Our Partners
Working together for a world free of chemical weapons

Achieving a world permanently free of chemical weapons requires working together. For over two decades, the OPCW has sought, established, and implemented partnerships with chemical industry, international organisations, civil society and others with a stake in the goals of the Chemical Weapons Convention.

An Essential Partner: Chemical Industry

Industry’s Contributions

Chemical industry’s contributions to achieving a world free of chemical weapons have proven essential and include: participating in the negotiations of the Convention, implementing fully the Convention’s provisions, and ensuring a functioning and trusted verification regime through declarations submissions and on-site inspections.

Industrial facilities that have the potential to produce chemicals that could be further processed into chemical weapons are required to provide information to National Authorities in charge of completing annual declarations to be submitted to the OPCW.

Industry Inspections

Currently, 3,634 inspections of industrial chemical facilities have been conducted since entry into force of the Convention. Each year, 241 industry inspections are anticipated to take place. During these inspections, OPCW inspectors confirm that no chemicals are being produced or used for prohibited purposes and that the activities at inspected sites are in compliance with the Convention. This is how industry does its part to make sure chemical weapons do not re-emerge.

The successful completion of so many chemical industry inspections represents meaningful progress in achieving universal compliance with the Chemical Weapons Convention. Chemical industry inspections help promote confidence that States Parties to the Convention are adhering to their obligation to prevent the re-emergence of chemical weapons.

OPCW’s Relationship with Chemical Industry

The relationship between the OPCW and the chemical industry has evolved over time. OPCW is no longer only seen as an auditor and regulator, but instead OPCW is seen as a partner for improving the verification regime that ensures chemicals are not used for prohibited purposes, and improving the capacity of States Parties through international cooperation programmes.

Building on years of cooperative work between the OPCW and chemical industry, the partnership has taken new form. In 2015, a coordination mechanism was established with the International Council of Chemical Associations (ICCA) in 2015 through the creation of the OPCW–ICCA Joint Steering Committee, as well as the establishment of the Chemical Industry Coordination Group (CICG). Areas of cooperation with ICCA cover verification activities as well as education and outreach, and chemical safety and security.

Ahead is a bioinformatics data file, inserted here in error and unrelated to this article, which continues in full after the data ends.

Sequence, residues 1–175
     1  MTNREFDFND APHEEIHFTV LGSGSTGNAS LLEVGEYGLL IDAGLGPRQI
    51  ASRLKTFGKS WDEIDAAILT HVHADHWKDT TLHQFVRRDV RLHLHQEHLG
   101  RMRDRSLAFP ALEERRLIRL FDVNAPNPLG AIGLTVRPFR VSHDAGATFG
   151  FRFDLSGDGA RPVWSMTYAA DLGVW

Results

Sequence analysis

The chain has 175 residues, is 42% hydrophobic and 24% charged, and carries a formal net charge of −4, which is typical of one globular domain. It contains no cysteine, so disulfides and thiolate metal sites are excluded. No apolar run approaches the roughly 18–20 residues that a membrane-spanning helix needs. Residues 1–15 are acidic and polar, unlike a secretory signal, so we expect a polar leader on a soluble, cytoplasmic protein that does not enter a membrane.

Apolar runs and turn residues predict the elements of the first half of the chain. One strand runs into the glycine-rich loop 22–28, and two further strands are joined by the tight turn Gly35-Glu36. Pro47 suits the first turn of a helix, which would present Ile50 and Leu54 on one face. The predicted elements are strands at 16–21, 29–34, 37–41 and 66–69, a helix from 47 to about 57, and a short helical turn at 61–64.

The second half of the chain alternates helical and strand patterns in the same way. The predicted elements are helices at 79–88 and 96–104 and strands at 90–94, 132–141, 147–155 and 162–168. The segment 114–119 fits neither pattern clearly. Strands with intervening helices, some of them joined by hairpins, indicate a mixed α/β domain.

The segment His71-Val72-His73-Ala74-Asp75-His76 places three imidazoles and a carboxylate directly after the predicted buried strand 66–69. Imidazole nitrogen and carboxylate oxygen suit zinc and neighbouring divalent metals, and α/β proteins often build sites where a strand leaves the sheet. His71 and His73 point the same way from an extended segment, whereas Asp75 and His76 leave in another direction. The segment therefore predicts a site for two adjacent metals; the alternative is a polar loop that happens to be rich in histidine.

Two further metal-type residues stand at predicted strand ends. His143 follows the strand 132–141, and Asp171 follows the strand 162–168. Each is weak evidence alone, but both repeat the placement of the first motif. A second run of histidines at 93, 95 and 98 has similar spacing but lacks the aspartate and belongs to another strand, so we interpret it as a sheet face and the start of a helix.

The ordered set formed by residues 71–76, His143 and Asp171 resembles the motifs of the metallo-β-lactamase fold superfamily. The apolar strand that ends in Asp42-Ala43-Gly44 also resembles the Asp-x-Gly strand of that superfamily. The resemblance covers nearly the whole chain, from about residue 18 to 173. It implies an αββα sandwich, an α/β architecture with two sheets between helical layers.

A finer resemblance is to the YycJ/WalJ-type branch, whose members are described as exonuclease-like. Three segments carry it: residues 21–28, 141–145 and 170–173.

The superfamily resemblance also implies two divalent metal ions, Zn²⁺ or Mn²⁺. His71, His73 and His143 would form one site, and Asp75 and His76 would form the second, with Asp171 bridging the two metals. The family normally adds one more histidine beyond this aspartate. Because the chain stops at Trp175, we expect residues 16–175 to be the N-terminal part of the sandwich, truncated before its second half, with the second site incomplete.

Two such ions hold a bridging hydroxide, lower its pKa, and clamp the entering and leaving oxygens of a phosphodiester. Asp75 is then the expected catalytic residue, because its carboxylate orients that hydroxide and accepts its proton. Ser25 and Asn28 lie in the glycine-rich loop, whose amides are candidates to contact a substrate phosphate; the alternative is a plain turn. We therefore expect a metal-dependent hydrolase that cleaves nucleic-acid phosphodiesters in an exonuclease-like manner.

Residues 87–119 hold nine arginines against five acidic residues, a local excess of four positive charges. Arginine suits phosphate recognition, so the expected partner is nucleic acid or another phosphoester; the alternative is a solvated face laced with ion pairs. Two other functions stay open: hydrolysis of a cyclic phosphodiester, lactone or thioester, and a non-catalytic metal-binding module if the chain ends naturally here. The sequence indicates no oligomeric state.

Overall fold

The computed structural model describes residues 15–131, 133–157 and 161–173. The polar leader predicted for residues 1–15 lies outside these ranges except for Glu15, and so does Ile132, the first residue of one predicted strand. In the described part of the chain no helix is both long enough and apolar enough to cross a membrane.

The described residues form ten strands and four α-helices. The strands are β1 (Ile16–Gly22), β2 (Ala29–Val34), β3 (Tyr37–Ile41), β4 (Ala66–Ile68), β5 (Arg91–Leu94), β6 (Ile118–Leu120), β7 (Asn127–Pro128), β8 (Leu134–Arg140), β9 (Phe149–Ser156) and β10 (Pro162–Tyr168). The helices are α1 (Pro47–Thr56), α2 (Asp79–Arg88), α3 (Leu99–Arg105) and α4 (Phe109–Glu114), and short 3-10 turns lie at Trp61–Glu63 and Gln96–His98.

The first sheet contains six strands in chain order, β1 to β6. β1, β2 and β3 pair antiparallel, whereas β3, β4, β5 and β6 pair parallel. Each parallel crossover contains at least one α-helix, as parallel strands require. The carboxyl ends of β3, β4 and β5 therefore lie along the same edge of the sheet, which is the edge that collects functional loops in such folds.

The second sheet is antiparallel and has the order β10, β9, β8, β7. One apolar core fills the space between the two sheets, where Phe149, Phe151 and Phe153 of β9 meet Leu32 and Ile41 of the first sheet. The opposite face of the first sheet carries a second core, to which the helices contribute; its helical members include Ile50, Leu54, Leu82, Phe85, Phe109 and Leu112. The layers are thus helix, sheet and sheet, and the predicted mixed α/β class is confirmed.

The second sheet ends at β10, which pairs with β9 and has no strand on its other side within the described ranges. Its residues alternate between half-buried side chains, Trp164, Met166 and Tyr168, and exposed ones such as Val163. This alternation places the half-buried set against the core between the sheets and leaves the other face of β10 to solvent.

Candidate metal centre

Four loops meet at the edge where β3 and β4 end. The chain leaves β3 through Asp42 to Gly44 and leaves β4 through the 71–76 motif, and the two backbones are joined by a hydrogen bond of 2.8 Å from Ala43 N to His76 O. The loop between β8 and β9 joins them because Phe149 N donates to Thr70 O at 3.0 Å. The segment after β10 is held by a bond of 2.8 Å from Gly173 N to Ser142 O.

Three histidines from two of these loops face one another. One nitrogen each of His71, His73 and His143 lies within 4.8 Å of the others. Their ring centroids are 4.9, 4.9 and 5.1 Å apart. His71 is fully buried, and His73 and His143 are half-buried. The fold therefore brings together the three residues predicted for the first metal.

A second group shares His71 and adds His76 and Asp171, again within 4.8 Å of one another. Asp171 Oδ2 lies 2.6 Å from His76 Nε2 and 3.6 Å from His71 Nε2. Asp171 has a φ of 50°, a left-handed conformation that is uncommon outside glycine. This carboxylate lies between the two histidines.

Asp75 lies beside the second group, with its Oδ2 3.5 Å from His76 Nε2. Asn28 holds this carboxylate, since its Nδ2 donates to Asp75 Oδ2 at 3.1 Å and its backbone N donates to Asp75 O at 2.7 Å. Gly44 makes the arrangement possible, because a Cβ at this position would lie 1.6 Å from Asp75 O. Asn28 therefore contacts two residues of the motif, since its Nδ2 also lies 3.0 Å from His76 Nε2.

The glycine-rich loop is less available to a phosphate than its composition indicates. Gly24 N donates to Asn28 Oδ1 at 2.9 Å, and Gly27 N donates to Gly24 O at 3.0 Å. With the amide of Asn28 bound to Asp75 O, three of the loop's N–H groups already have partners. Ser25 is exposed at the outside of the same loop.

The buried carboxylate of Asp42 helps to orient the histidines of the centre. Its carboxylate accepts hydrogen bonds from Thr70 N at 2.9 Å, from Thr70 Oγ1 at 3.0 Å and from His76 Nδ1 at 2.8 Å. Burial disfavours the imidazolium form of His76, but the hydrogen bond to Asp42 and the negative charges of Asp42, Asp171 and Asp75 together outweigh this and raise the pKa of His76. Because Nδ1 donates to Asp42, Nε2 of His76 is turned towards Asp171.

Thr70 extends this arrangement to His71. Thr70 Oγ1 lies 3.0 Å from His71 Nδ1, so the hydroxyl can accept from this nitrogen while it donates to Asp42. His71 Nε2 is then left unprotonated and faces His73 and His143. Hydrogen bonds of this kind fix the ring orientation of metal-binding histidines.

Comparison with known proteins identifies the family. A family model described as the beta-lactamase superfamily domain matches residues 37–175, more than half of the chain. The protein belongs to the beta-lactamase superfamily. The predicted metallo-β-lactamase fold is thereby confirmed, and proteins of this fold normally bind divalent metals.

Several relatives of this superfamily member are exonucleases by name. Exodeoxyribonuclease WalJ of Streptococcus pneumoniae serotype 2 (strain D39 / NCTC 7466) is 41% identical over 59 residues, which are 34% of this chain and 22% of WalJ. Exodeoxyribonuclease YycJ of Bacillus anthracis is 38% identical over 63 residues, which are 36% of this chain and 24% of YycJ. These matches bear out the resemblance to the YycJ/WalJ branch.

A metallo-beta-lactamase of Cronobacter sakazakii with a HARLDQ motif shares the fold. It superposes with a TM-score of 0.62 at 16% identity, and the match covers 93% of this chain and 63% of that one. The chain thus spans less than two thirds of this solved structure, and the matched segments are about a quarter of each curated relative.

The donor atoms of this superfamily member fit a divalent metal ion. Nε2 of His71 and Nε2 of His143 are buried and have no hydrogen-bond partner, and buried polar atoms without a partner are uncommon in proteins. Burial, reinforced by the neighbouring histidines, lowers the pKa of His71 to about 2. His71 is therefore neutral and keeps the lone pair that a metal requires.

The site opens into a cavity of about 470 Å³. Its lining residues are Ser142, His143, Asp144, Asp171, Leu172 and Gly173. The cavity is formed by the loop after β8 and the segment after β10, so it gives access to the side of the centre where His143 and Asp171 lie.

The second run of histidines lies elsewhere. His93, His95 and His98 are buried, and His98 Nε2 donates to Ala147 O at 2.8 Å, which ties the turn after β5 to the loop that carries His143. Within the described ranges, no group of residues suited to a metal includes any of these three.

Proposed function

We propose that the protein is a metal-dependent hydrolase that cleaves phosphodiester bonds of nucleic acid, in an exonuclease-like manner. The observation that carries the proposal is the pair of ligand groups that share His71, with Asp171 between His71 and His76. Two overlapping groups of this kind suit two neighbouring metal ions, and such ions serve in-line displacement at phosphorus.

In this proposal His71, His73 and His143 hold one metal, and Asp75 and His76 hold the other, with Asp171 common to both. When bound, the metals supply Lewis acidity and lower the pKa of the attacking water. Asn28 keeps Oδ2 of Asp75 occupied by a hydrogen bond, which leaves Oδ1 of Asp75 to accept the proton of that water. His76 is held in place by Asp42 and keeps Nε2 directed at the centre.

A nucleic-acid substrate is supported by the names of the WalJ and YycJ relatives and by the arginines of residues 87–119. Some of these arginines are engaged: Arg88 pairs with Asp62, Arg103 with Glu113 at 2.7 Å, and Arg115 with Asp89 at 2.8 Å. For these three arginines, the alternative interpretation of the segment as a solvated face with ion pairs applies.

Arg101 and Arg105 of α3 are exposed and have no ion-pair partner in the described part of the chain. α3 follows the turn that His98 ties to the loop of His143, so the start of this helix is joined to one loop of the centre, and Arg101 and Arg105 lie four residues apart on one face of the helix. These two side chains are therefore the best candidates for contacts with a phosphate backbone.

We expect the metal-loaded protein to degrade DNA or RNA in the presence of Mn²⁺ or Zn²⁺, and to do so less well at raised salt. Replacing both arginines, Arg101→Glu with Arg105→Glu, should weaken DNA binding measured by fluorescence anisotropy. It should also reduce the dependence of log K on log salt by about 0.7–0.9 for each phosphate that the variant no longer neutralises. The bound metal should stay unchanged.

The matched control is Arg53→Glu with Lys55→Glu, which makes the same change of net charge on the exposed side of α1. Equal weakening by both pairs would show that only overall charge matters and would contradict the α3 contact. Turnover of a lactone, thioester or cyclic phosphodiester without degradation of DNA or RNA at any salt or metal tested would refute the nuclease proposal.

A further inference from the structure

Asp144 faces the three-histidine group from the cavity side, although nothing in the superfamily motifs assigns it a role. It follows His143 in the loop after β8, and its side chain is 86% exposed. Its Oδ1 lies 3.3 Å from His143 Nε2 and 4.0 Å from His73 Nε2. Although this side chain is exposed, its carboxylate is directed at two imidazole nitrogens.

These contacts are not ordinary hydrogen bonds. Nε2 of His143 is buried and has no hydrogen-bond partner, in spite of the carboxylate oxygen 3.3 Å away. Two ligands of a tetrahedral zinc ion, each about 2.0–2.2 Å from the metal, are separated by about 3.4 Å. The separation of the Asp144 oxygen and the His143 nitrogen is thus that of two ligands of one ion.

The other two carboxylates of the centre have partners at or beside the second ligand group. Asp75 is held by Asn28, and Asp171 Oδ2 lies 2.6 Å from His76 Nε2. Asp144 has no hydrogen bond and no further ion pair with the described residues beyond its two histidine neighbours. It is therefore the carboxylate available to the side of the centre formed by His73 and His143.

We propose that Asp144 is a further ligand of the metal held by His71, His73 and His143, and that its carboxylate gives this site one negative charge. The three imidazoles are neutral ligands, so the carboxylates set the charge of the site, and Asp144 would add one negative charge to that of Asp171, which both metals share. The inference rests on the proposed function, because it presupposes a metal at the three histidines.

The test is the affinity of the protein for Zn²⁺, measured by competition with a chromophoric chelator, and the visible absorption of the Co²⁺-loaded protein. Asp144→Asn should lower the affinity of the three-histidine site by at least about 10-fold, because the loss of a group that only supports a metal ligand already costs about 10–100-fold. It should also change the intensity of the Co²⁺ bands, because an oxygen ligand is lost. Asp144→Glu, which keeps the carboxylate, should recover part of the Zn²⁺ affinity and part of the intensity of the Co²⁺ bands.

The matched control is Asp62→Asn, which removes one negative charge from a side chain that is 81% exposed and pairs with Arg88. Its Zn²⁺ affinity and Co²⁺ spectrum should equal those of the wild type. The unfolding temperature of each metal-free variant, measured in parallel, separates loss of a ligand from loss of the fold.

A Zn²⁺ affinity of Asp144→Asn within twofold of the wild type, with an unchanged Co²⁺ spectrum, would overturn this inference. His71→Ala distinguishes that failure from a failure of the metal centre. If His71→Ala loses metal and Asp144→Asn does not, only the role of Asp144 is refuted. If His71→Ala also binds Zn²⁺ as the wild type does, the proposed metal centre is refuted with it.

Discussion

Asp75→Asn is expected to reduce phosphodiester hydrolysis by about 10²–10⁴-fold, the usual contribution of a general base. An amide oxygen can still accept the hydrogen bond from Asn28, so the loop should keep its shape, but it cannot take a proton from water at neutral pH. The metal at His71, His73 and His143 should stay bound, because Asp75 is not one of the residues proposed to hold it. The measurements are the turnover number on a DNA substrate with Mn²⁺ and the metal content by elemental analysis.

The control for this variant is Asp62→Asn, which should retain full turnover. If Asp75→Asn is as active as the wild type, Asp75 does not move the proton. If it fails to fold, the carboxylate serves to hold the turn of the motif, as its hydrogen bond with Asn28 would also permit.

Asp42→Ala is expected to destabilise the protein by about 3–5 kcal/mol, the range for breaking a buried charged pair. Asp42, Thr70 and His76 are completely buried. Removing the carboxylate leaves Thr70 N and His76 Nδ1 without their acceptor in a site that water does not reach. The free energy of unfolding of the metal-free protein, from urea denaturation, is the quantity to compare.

Vital Partners: OPCW and International Organisations

The OPCW and the United Nations signed a Relationship Agreement in 2001 outlining the modalities for their future cooperation and the mechanisms for consultation on matters of mutual interest and concern. The OPCW’s Conference of the States Parties approved the agreement one year later.

Over the years, OPCW has forged other important relationships to advance its mission and implement the Convention. In 2012, OPCW signed an agreement with the United Nations Office for the Coordination of Humanitarian Affairs (OCHA) to coordinate activities in case of chemical weapon emergencies. In 2017, OPCW and the World Customs Organization (WCO) signed a Memorandum of Understanding that further enhances cooperation between the two organisations to tighten national and international controls on the trade of toxic chemicals.

Convention Champions: Civil Society

Building on the long-standing contributions of civil-society to the goals of the Convention, a dedicated group of non-governmental organisations (NGOs) gathered from 2-3 December 2009 during the 14th Conference of the States Parties in The Hague, to establish the Chemical Weapons Convention Coalition (CWC Coalition). The CWC Coalition is a global network of civil society organisations and representatives that champion the goals of the Convention and its stated mission is: “To support the aims of the Chemical Weapons Convention and to supplement the efforts of the member states of the Organization for the Prohibition of Chemical Weapons, with focused civil society action aimed at achieving full membership of the CWC, the safe and timely elimination of all chemical weapons, preventing the misuse of chemicals for hostile purposes, and promoting their peaceful use.”

The CWC Coalition is comprised of over 50 associations and dozens of individual activists from around the world who raise awareness and advocate for a world free of chemical weapons. At the 2013 Review Conference, the Conference of the States Parties decided to ensure the attendance and participation of NGOs at all future CSPs and Review Conferences.

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